From the editor's desk.

Author:Gabriele, Edward
Position:Introduction - Editorial

In every year of our lives, we stand in the blinding, light-filled horizons of unexpected opportunity. As children, we open our arms wide in joy and anticipation. As we grow older, we learn that the horizons before us, while still bathed in blinding light, many times are challenges calling us to deep and sobering reflection. In this calendar year of 2012, American society has been called into very special horizons of reflective maturity. In this year, we recall the 80th anniversary of the beginning of the infamous syphilis studies performed in Tuskegee, Alabama, by members of the United States Public Health Service. What was thought to have been a brief observational study continued unchecked for forty years. The studies conducted in those decades were hardly just observational. The events that took place violated deeply the human dignity and autonomy of the citizens who took part. They were exposed to cruel hardships and risks that any decent human being would believe to be unthinkable in a modern and just society.

In 1972, the conscience of the world was stung by the revelations of these tragic events. Eventually, society's awareness led in the United States to the 1974 National Research Act and the 1979 Belmont Report. The tragedies that took place in Tuskegee evoked a strong sense of consciousness concerning the nature of ethics in research and especially the absolute and unmitigated rights of women, men and children without distinction to dignity, respect and freedom. Eventually, the Tuskegee Legacy Committee energized then-President Clinton to issue the 1997 Presidential Apology in which he clearly attested: "The United States government did something that was wrong--deeply, profoundly, morally wrong." Notably, this year we also commemorate the 15th anniversary of the Presidential Apology. Indeed, the history of all these events has had long range and permanent effects on the research that our profession stewards, leads, develops, assists, oversees, and manages.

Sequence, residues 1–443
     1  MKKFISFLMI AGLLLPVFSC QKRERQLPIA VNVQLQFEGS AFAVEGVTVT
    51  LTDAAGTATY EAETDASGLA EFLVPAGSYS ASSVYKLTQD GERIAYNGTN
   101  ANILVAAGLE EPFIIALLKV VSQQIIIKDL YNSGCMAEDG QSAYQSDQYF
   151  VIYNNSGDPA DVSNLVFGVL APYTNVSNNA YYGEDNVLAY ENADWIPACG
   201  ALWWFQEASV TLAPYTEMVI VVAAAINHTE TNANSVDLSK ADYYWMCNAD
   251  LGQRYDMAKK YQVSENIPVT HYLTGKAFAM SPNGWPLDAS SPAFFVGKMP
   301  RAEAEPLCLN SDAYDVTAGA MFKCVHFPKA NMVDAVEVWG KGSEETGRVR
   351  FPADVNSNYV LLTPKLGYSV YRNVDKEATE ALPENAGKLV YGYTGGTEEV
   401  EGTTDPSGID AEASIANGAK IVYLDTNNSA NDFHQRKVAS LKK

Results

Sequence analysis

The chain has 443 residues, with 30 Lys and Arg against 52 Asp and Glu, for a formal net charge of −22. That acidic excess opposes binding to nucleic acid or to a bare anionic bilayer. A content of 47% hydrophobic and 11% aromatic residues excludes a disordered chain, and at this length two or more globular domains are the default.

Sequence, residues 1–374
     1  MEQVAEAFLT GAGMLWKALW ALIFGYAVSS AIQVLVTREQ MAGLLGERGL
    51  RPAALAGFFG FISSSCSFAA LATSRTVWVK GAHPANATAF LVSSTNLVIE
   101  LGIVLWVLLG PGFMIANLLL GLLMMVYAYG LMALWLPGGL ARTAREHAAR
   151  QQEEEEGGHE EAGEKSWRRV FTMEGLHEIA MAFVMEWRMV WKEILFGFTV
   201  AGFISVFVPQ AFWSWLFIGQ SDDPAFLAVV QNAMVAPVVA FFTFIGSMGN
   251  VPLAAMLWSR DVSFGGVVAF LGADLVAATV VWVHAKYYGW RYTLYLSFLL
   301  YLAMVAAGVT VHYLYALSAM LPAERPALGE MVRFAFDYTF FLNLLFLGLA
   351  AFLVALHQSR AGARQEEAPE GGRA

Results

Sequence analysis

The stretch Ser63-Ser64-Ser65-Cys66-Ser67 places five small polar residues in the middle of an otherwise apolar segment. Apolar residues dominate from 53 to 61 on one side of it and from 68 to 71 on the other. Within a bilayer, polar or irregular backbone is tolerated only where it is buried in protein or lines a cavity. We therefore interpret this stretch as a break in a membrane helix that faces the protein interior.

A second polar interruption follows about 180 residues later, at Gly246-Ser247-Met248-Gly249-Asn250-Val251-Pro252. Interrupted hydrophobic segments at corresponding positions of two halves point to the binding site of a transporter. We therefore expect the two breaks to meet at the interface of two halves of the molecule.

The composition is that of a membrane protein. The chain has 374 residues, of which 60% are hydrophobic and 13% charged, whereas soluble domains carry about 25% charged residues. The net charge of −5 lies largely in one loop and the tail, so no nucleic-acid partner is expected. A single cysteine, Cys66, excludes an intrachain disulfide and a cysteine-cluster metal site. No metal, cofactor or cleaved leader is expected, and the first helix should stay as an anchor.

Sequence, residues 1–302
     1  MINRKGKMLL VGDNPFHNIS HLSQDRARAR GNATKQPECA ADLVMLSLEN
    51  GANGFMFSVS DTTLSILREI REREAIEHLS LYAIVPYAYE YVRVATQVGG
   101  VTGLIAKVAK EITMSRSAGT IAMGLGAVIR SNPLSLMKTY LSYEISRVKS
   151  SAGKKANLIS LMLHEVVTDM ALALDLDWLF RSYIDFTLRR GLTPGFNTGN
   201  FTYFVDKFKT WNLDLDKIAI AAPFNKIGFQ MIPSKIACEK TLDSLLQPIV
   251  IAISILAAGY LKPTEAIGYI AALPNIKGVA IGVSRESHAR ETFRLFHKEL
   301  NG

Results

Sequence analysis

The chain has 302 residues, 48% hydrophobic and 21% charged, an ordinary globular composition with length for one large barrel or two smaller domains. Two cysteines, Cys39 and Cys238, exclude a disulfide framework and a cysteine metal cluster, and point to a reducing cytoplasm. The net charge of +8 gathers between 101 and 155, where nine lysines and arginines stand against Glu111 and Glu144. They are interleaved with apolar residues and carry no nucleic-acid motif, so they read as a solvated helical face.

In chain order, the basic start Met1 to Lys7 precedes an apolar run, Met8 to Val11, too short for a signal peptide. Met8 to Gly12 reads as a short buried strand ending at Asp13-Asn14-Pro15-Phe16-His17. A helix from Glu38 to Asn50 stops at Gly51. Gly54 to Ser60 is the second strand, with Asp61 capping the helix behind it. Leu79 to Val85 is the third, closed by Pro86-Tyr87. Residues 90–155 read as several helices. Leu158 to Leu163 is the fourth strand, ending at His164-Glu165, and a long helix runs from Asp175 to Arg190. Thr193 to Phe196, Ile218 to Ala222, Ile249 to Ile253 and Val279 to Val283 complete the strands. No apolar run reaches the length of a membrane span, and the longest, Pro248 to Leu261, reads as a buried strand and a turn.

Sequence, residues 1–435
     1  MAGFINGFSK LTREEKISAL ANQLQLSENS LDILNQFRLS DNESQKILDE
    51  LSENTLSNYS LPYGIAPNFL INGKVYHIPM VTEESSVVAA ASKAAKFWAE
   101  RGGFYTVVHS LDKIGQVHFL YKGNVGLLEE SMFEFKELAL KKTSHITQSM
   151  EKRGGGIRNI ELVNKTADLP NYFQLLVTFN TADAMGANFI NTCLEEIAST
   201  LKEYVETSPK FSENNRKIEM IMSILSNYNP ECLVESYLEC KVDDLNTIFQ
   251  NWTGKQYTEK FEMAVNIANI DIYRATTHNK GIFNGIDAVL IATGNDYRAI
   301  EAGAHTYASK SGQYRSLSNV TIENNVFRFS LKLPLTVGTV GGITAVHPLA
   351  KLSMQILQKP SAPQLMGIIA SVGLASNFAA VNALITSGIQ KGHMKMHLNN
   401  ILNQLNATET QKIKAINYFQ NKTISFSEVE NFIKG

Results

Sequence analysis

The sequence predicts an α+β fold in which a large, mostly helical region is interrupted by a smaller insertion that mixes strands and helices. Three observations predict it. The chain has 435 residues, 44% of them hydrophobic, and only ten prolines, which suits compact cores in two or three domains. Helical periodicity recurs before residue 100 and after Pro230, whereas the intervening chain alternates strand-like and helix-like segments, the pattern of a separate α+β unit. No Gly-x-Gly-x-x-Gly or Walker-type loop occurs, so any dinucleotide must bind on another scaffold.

Ethics has always been a constant and critical part of the very fabric of research. It is deeper, however, than cognitive speculation or discourse. Ethics in research by its very nature brings to the forefront of the research reality an intense and very important tension between two fundamental questions, namely: What are we capable of accomplishing? vs What should we be accomplishing? In other words, while we would like to believe that genius and innovation always lead to human and...

To continue reading